A recent decision by the Court of Appeals of Veteran Claims (“CAVC”) has been selected to have a precedential effect on other cases moving forward. The Court of Appeals of Veteran Claims is the Federal Review Court for decisions by the Board of Veteran Appeals (the Board). Some of the decisions this court makes have precedential effects on other cases—meaning the decisions, in that case, affect future VA cases. The case Leon Wilson v. Denis McDounough No. 19-6020 is one of those cases.
Facts and procedural history:
This decision came from an appeal from a 2019 Board decision that denied a compensable rating for hypertension. Initially, the claimant or Veteran, in this case, applied for and was granted service connection for his hypertension in 2003. The VA assigned a noncompensable rating meaning his hypertension was rated at 0% for VA disability purposes. That decision was not appealed within one year and became final.
In 2008, the Veteran, in this case, submitted a claim for an increased rating for his hypertension. The VA denied this decision. The Veteran appealed this decision all the way to the Board. Initially, the Board remanded the decision for additional development. This means the claim was sent back to the regional office (“RO”) for additional development. The regional office, again, denied the Veteran a compensable rating. The RO’s decision was, again, referred to the Board for adjudication—or to allow the Board to make a decision.
The Board denied the Veteran’s request for a compensable rating for hypertension. Under VA regulations, in order to have compensable hypertension, the Veteran’s symptoms must meet the general schedule of ratings for hypertension. The relevant general schedule of ratings for hypertension are rated under Diagnostic code 7101 and are as follows:
10% rating: Diastolic pressure predominantly 100 or more, or; systolic pressure predominantly 160 or more, or; minimum evaluation for an individual with a history of diastolic pressure predominantly 100 or more who requires continuous medication for control.
20% rating: Diastolic pressure predominantly 110 or more, or; systolic pressure predominantly 200 or more.
40% rating: Diastolic pressure predominantly 120 or more.
60% rating: Diastolic pressure predominantly 130 or more.
The Board found that the Veteran did not meet the 10% rating criteria because his diastolic blood pressure was not predominantly 100 or greater during the period on appeal. An important factor in the Board denying this claim was because the Board did not consider Veteran’s blood pressure readings taken before he began his medication. The Board did not consider this because it was prior to Veteran’s claim for an increased rating.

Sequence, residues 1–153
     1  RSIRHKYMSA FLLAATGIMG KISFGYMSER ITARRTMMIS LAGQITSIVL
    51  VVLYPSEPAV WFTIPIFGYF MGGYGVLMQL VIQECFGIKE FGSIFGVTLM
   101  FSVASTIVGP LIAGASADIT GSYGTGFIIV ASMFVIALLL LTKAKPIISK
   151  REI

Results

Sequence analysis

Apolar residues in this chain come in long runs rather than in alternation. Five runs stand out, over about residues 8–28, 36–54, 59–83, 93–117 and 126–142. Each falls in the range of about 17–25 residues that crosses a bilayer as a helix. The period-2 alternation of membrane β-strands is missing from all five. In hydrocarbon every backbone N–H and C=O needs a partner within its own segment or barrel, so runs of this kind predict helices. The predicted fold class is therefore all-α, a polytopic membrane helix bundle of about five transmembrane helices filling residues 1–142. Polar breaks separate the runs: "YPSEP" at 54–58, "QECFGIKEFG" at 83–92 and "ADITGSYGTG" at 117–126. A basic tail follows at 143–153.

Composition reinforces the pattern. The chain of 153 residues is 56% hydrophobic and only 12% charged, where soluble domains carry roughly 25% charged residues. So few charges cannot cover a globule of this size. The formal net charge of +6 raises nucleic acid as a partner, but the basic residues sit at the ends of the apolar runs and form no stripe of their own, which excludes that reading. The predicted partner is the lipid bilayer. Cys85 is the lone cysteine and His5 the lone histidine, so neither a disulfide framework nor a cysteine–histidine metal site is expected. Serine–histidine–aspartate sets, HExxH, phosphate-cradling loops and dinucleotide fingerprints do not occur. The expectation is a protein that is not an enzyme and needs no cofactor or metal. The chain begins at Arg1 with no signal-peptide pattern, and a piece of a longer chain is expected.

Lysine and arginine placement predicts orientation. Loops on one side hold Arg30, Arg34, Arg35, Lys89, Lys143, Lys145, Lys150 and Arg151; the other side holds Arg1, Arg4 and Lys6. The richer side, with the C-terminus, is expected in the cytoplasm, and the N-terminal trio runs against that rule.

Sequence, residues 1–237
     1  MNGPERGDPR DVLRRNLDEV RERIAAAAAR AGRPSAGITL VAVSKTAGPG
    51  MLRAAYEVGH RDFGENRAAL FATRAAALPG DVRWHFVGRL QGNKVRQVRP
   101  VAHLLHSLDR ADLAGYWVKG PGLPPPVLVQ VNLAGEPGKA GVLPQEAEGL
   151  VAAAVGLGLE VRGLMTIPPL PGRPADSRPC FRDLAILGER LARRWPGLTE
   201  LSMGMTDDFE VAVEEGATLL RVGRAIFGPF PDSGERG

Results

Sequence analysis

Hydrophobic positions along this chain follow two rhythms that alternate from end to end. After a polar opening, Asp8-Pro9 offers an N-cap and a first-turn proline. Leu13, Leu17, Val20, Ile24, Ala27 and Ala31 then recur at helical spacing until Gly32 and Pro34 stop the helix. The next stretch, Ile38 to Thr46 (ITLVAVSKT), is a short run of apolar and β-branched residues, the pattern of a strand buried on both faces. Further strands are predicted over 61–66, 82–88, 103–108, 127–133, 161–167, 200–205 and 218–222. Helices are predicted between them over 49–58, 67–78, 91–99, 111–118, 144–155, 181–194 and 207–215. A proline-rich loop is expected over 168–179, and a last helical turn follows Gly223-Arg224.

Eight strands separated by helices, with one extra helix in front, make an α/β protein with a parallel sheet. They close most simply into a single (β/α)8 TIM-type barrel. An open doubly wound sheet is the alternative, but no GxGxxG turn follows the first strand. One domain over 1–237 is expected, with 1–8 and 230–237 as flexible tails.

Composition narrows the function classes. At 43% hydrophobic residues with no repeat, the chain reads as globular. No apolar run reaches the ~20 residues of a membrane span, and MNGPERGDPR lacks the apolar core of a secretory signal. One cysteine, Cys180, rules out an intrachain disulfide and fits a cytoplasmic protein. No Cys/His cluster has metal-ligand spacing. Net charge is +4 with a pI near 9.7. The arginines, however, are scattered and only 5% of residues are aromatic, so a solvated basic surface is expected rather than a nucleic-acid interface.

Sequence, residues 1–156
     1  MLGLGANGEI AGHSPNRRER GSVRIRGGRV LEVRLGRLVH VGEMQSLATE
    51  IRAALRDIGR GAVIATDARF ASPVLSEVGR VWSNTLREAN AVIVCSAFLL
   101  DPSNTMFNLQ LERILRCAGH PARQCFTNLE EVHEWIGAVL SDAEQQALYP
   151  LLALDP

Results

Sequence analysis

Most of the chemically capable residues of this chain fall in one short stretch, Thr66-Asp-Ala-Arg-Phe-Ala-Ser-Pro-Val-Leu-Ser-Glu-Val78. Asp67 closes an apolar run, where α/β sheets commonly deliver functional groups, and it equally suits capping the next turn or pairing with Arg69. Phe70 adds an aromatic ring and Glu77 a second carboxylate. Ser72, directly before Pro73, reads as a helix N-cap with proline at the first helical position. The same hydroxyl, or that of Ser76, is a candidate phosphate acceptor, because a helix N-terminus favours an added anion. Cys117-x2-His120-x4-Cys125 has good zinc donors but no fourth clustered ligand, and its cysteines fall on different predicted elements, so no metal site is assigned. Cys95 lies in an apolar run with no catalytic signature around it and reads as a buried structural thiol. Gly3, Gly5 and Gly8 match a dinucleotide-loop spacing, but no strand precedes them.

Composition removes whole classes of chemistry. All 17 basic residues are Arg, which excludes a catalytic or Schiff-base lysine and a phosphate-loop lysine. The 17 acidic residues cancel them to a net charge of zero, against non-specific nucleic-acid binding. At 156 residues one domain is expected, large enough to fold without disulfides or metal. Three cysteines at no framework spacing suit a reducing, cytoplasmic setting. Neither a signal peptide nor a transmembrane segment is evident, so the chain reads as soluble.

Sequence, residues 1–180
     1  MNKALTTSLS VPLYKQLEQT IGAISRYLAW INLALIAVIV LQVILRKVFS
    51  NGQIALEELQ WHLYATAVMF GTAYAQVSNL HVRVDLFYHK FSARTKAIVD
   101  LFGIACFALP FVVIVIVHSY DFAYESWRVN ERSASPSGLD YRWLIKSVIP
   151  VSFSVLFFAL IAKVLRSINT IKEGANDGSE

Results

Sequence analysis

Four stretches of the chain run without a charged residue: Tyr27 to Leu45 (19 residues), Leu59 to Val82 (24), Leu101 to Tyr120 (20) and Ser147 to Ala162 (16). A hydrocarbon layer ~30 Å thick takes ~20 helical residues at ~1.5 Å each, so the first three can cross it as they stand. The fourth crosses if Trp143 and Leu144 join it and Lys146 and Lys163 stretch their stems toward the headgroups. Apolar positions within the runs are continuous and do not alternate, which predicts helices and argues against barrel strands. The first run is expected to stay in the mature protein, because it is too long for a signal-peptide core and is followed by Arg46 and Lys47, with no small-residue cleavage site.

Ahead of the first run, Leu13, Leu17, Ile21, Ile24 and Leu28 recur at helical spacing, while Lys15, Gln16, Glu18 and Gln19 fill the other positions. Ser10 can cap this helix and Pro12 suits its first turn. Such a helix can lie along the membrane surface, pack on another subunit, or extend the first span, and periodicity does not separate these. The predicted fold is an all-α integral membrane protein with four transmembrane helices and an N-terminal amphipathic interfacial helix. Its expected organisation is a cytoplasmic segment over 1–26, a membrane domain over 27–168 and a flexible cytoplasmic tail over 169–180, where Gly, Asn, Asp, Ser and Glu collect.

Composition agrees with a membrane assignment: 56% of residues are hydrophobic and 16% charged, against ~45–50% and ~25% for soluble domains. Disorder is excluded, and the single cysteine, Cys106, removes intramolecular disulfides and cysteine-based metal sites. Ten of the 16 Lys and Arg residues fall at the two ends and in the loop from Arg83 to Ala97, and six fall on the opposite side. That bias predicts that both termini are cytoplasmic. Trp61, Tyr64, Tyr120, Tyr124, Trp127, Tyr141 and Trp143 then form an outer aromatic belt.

The Court remanded the Board’s decision. The Court explained that the issue turns on the proper interpretation of the phrase “history of diastolic pressure over 100” for the 10 percent rating criteria under DC 7101. The Court’s first step begins with the plain language of the regulation. The Board and the Secretary contend that since Veteran sought an increased rating for his hypertension, his diastolic pressure readings that were taken during the appeal period meet the framework for historical blood pressure. The Court does not find the Secretary’s position persuasive based on the text and structure of DC 7101.
The Court explains that because of the word “or” within DC 7101, it provides three avenues for a Veteran to establish to receive a 10 percent rating:
The Court found that if it relied on the Board and the Secretary’s interpretation of DC 7101, it would limit Veteran’s avenues from three to only two, “as the historical reading becomes functionally meaningless towards establishing eligibility.” This interpretation would only provide Veterans with two avenues to establish a compensable rating:
The Board explained that such an interpretation ignores the third avenue that veterans can establish a current compensable rating by submitting past blood pressure readings before their blood pressure was controlled by medication. The Court concluded that the Board’s rationale amounts to legal error because it did not consider the plain language of DC 7101.
The Court also found that the structure of DC 7101 clearly signals that “VA intended to compensate veterans who do not have current readings establishing entitlement to a 10% rating if those veterans are using medication to control their blood pressure.” The Court references in McCarroll v. McDonald, it previously noted that DC 7101 contemplates the ameliorative effects of medications and that veterans can establish a compensable rating for blood pressure readings even if there are not current blood pressure readings that meet the statutory threshold. 28 Vet.App. 267, 273 (2016). The Court noted that since DC 7101 acknowledges the effects of medication in the ratings, the most natural reading of the phrase refers to blood pressure readings taken before readings were depleted from medication.